What happened

Shares of several brick-and-mortar retailers were moving lower on Monday, as slumping oil prices and pessimism about the timing of store reopenings drove a broad-based sell-off.

Here's where things stood for these four companies' stocks at the close of trading today relative to their closing prices on Friday.

So what

It's hard to discern a single catalyst behind the selling pressure that hit these four stocks on Monday, aside from general pessimism about the likely state of the post-COVID-19 world. Given that all four companies have closed their brick-and-mortar stores in North America (and in some cases, elsewhere), any sense that social-distancing rules will be extended is plainly bearish. 

A Macy's sign on the outside of a store.

Macy's is reportedly considering pledging some of its real estate to back a bond issue. Image source: Macy's.

With that said, here's a quick look at the latest developments for each company.

  • In its earnings report after the markets closed last Wednesday, Bed Bath & Beyond said that its earnings beat Wall Street's estimates, and that it had $1.4 billion in cash on hand as of the end of its fiscal quarter, March 2. That seemed like good news, but after a bit of time to digest the report, at least some analysts are saying that the company will need a lot more cash to address its longer-term problems.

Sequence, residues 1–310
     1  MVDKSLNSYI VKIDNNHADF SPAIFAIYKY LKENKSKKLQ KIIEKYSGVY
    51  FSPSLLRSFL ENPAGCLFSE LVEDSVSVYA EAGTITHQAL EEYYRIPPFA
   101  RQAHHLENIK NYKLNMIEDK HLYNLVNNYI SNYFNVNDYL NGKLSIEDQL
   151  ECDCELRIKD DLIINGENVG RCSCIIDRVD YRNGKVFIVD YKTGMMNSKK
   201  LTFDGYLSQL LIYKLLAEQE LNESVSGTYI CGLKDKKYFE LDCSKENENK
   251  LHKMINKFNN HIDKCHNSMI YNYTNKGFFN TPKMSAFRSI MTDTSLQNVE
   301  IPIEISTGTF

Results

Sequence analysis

• Gap hasn't issued an update since March 30, when new CEO Sonia Syngal said that the company had furloughed its store teams in the U.S. and Canada indefinitely without pay (but with benefits). Gap has reportedly canceled orders of summer and fall merchandise for its brick-and-mortar stores, asking vendors to deliver only what's needed for its online storefront's fulfillment centers. 
  • Macy's is exploring ways to use its real estate holdings to raise enough cash to ride out the pandemic, Bloomberg reported after the markets closed on Friday. One possibility: Macy's could issue bonds backed by some of its real estate and other assets, such as inventory. Macy's had no comment, except to say that it's exploring a range of options. 
  • In a note on Monday morning, Loop Capital analyst Laura Champine cut her price target for Urban Outfitters to $18 from $23, while maintaining a hold rating on the stock. Champine said that the Wall Street consensus forecast calling for Urban Outfitters to earn $1.35 per share in the current quarter is looking "stale," given that the company's stores remain closed with no visibility into a reopening date.

Now what

While Bed Bath & Beyond reported its quarterly earnings last week, retail-focused investors in the other three companies are still looking forward to detailed updates from their management teams. Those will happen next month: Urban Outfitters has said that it will report its fiscal 2021 first-quarter results on May 19; Macy's and Gap haven't announced dates, but both typically report during the last two weeks of May.